EHA Library - The official digital education library of European Hematology Association (EHA)

EFFECTS OF LUSPATERCEPT ON SERUM FERRITIN IN PATIENTS (PTS) WITH LOWER-RISK MYELODYSPLASTIC SYNDROMES (MDS) WITH RING SIDEROBLASTS (RS) IN THE PHASE 3 MEDALIST TRIAL
Author(s): ,
Pierre Fenaux
Affiliations:
Service d'Hématologie Séniors,Hôpital Saint-Louis, Université Paris 7,Paris,France
,
Valeria Santini
Affiliations:
MDS Unit,Azienda Ospedaliero Universitaria (AOU) Careggi, University of Florence,Florence,Italy
,
Ghulam J. Mufti
Affiliations:
Department of Haemato-Oncology,King's College London,London,United Kingdom
,
María Diez-Campelo
Affiliations:
Hematology Department,Institute of Biomedical Research of Salamanca, University Hospital of Salamanca,Salamanca,Spain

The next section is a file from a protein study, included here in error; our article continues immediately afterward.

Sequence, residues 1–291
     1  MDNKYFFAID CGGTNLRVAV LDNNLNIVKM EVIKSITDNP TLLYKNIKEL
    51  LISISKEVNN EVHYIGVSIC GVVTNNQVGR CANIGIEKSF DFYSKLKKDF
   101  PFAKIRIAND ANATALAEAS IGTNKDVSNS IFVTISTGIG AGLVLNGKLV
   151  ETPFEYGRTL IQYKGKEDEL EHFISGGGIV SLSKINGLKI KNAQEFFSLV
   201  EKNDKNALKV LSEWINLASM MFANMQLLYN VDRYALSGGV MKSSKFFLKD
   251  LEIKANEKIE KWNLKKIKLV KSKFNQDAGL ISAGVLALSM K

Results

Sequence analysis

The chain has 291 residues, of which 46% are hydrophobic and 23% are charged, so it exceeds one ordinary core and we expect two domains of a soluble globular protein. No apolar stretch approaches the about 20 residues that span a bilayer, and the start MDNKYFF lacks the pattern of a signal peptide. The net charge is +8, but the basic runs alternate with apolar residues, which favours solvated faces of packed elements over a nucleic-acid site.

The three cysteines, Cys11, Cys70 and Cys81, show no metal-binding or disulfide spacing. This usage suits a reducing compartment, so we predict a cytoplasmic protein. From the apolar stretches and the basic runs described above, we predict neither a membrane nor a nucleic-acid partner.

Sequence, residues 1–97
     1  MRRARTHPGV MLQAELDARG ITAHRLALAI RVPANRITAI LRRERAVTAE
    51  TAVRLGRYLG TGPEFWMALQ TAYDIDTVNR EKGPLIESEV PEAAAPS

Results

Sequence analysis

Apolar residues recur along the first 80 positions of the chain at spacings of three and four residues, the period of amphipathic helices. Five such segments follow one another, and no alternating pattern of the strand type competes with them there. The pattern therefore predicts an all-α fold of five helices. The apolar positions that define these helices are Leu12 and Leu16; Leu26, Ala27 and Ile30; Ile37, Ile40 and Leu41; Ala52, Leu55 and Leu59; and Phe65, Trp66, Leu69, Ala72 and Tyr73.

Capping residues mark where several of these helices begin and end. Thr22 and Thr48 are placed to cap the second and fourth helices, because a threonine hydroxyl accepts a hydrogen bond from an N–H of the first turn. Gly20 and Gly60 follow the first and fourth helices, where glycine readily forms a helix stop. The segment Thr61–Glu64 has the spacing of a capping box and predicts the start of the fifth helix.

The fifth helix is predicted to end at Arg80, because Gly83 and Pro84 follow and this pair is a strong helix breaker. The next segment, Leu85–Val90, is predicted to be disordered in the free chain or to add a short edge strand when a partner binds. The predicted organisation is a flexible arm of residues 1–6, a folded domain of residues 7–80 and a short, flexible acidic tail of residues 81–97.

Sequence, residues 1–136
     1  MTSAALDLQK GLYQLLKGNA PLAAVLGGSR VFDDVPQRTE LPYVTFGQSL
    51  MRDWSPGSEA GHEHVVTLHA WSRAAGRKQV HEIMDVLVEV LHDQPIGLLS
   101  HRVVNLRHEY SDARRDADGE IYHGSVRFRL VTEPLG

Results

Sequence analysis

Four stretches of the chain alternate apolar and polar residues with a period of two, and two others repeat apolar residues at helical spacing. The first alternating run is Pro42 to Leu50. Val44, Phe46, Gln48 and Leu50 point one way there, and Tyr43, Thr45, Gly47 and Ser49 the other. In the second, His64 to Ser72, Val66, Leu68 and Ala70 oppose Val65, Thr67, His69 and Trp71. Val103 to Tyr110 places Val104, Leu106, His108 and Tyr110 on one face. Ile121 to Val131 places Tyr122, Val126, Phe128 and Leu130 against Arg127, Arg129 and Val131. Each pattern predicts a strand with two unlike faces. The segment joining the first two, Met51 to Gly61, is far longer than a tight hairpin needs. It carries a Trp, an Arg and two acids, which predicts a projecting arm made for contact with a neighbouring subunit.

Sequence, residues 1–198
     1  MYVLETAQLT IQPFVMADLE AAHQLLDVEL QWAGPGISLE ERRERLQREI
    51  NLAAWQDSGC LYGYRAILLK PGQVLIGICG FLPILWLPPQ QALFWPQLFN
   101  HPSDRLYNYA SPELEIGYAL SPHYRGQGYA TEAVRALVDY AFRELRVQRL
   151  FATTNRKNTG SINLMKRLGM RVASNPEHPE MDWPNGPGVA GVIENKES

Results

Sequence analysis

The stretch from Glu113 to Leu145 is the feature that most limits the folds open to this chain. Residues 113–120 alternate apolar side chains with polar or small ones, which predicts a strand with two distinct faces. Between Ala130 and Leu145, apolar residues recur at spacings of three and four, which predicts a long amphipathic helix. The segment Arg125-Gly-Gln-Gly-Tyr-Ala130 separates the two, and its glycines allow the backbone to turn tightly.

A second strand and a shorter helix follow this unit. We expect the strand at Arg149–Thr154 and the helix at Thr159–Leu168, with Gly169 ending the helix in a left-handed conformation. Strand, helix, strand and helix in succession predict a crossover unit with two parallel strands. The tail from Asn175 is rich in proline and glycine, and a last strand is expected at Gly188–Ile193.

,
Carlo Finelli
Affiliations:
Department of Oncology and Hematology,S. Orsola-Malpighi University Hospital,Bologna,Italy
,
Mikkael A. Sekeres
Affiliations:
Department of Hematology and Medical Oncology,Cleveland Clinic,Cleveland, OH,United States
,
Bruno Quesnel
Affiliations:
Service des Maladies du Sang,Hôpital Huriez, Centre Hospitalier Universitaire de Lille,Lille,France
,
Odile Beyne-Rauzy
Affiliations:
Médicine Interne,Institute Universitaire du Cancer de Toulouse Oncopole,Toulouse,France
,
Guillermo Garcia-Manero
Affiliations:
Department of Leukemia,University of Texas MD Anderson Cancer Center,Houston, TX,United States
,
Rami S. Komrokji
Affiliations:
Moffitt Cancer Center,Tampa,United States
,
Rena Buckstein
Affiliations:
Odette Cancer Centre,Sunnybrook Health Sciences Centre,Toronto, ON,Canada
,
Maria Teresa Voso
Affiliations:
Dipartimento di Biopatologia e Diagnostica per Immagini,University of Rome Tor Vergata,Rome,Italy
,
Dominik Selleslag
Affiliations:
Department of Haematology,AZ Sint-Jan,Bruges,Belgium
,
Amy E. DeZern